Sexual and Reproductive Health, including HIV/AIDS
At Kakuma, ODWEP has pioneered in the area of sexual and reproductive health education, including education about HIV/AIDS. There is an enormous need for information and assistance in the camp, among both adults and youth.
Family planning workshops with adults
We hold workshops on sexual and reproductive health for both women and men. We invite male elders to come with the women of their families and communities; this is the only way, in many cases, that women, initially, can come at all. We recognize that we are breaking cultural norms with these presentations and discussions, and we approach our topics from the vantage point of the well-being of families and children. We teach to both men and women that women have the right to give birth, or not, emphasizing that women need to be full participants in decisions that will affect their own lives and the lives of their children.
Sexual and reproductive health workshops for youth
Our youth, and in particular the girls, face big challenges in the areas of sexual and reproductive health. Being pregnant before marriage is a shameful taboo in our cultures (including if the pregnancy is a result of rape), and in Kenya a girl who is pregnant is not allowed to continue her schooling.
Yet sexual relations, both forced and consensual, happen among youth, and may result in disease including HIV infection. The United Nations Children’s Fund (UNICEF) estimates that in sub-Saharan Africa, some 1.7 million young people (ages 10-19), are HIV+, with a ratio of three adolescent girls newly infected for every adolescent boy. We see the problem of HIV infection among youth at Kakuma – and this includes the special cases of those increasing numbers of young people born with HIV who are now reaching adolescence. In response to these multiple challenges, ODWEP proposed forming sexual and reproductive health clubs in the schools in Kakuma. We faced great opposition, but we persisted and now we have clubs in 19 schools. where girls and boys meet to discuss sexual rights, safe sex, family planning, and gender equality. (The Kenyan government, responsible for the curriculum in the schools of Kakuma, supports our efforts.) The young people are eager to talk and ask questions of our knowledgeable facilitators; they need information and answers to their uncertainties about their changing bodies and needs – and we take the opportunity to promote gender equality, fight gender-based violence and discrimination, and fight against ignorance about and discrimination against people with HIV/AIDS.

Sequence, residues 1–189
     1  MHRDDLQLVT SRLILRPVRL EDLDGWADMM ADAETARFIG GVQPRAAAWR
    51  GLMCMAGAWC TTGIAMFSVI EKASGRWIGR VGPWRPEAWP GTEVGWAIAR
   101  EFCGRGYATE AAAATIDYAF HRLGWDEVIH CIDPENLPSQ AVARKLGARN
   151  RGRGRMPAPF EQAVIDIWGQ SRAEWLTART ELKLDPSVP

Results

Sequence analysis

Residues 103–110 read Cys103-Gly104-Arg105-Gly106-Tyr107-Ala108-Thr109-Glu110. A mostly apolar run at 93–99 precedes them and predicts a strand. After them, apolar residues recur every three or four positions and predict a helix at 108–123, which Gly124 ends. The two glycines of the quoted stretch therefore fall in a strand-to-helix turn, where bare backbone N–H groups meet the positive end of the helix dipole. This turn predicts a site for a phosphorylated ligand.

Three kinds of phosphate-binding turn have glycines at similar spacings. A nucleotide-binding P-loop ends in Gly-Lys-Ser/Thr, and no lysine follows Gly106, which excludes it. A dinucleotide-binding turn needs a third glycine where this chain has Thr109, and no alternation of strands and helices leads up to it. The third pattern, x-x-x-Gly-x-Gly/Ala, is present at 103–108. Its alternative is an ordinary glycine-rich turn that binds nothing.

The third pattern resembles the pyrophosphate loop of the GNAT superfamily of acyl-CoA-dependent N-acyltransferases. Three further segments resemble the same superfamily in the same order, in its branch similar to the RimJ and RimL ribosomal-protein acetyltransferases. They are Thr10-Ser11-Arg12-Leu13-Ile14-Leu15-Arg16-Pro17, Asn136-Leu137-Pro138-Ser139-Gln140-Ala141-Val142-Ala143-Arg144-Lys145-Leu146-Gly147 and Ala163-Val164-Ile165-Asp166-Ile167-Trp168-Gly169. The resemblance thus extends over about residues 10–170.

• We would like to print or purchase more educational materials.
• We would like to purchase HIV test kits, both to use as demonstrations in our workshops and also to do HIV testing. Currently, at Kakuma someone can be tested for HIV at the hospital – but the test is in a separate part of the hospital and there is a stigma attached to someone even going there.
• For both the adult and youth workshops, we pay facilitators who are experts in these areas, but we are also training peer leaders, to send into the school clubs and to establish groups in the community. We would like to be able to pay a small stipend to these peer workshop leaders.
• Kakuma Camp is spread out over a huge area, and we would like to purchase a few bicycles so that our workshop leaders can more easily travel throughout the camp.
• For the workshops held in different sites in the communities, we need protection from the sun – if not a structure, then at least umbrellas we can put up for shade.
• We would like to offer light refreshments at the workshops.